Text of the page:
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Unite’s Comrade Fat Cat

TUC News, Issue 1450
MYSTERY EARNINGS: Unite officials won’t put a figure on their general secretary’s fat cat pay packet while he enjoys ‘flexible retirement’
UNITE’s pension trustees have announced a new policy of “flexible retirement”: if union officials are over pension age they can receive all the benefits of the generous final-salary scheme “while continuing to work for the union”. Who could the trustees have had in mind as they dispensed their goodies? Step forward 67-year-old Unite general secretary Len McCluskey, who recently fought and won a contested election against Gerard Coyne, then sacked him (Eyes passim).

The most disturbing consequences for Unite members of having a general secretary who is both working and “retired” is that the union’s apparatchiks will not tell them how much money he is taking. The Unite press office threatens journalists thinking of speculating with writs from those tribunes of the oppressed, the £500-an-hour libel lawyers at Carter-Fuck.

Despite the threats, here is what the Eye can tell the waiters denied tips by food bosses and the mistreated workers at Sports Direct about the size of McCluskey’s fortune…

Len’s package
McCluskey had salary packages of £130,000-£140,000 a year until he reached retirement age, when he apparently took a pay cut. Unite’s annual report for the year ending December 2016 showed that Comrade Len received a package of £99,722, including a housing allowance of £7,722. This housing grant may relate to the £400,000 Unite paid towards the purchase of a £700,000 flat for McCluskey in London’s fashionable Borough Market or the interest on its mortgage. No one knows and Unite won’t say.

More strikingly, union accounts do not tell members the size of the pension McCluskey is receiving on top of his wages. Coyne supporters have drawn up some basic calculations. In 2015, before he retired, McCluskey had a final pensionable salary of £101,368, and is thought to have worked for Unite and its predecessor, the Transport and General Workers Union, for 36 years.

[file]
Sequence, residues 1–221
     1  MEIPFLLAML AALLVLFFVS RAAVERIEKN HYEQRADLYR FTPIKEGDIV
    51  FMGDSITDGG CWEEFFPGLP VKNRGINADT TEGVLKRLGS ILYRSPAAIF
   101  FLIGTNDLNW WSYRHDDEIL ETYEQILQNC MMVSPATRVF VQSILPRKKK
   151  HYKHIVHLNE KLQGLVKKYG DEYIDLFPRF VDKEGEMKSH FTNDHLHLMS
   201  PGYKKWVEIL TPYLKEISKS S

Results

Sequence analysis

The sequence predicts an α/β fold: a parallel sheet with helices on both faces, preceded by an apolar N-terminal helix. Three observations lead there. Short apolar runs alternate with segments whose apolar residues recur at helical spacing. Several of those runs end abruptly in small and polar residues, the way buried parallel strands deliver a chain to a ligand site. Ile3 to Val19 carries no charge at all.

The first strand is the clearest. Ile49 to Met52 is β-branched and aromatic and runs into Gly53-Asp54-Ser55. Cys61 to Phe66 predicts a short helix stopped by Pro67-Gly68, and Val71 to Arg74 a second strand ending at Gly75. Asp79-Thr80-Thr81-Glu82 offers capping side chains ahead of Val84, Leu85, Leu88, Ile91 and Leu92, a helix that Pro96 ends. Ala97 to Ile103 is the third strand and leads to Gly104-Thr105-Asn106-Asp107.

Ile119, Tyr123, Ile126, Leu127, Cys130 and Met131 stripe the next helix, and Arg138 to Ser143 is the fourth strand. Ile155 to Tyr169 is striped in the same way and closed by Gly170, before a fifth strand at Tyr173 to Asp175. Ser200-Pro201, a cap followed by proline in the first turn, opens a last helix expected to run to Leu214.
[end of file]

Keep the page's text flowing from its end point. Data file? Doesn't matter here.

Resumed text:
Revealing silence
Unite’s annual accrual rate (the proportion of a final salary that you get for each year you’re a member of the scheme) is likely to be 1/60, in line with most final salary schemes. In this case, McCluskey would be receiving a £60,820 a year pension on top of the £99,000 he receives in pay and benefits. In other words, the great Corbynite is grossing £159,000.

It may be that accrual rate is 1/70, or that McCluskey served 35 years rather than 36 – in which cases the pension would be slightly smaller. He may have taken a lump sum and a smaller pension. But the point for all those on the left campaigning for transparency in fat-cat pay is that Unite absolutely refuses to say how much he is getting.

Last year Unite condemned “fat-cat pay” for the bosses of the struggling Post Office. In January this year it demanded a pay cap on “fat-cat bosses bidding for government contracts”. It also runs a noisy campaign against raising the state pension age and cries that “68 is too late” to be working. Yet, when it comes to the dosh its own boss will be receiving until he’s 72, all the union’s eloquence vanishes and it sinks into a revealing silence.


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Private Eye Issue 1449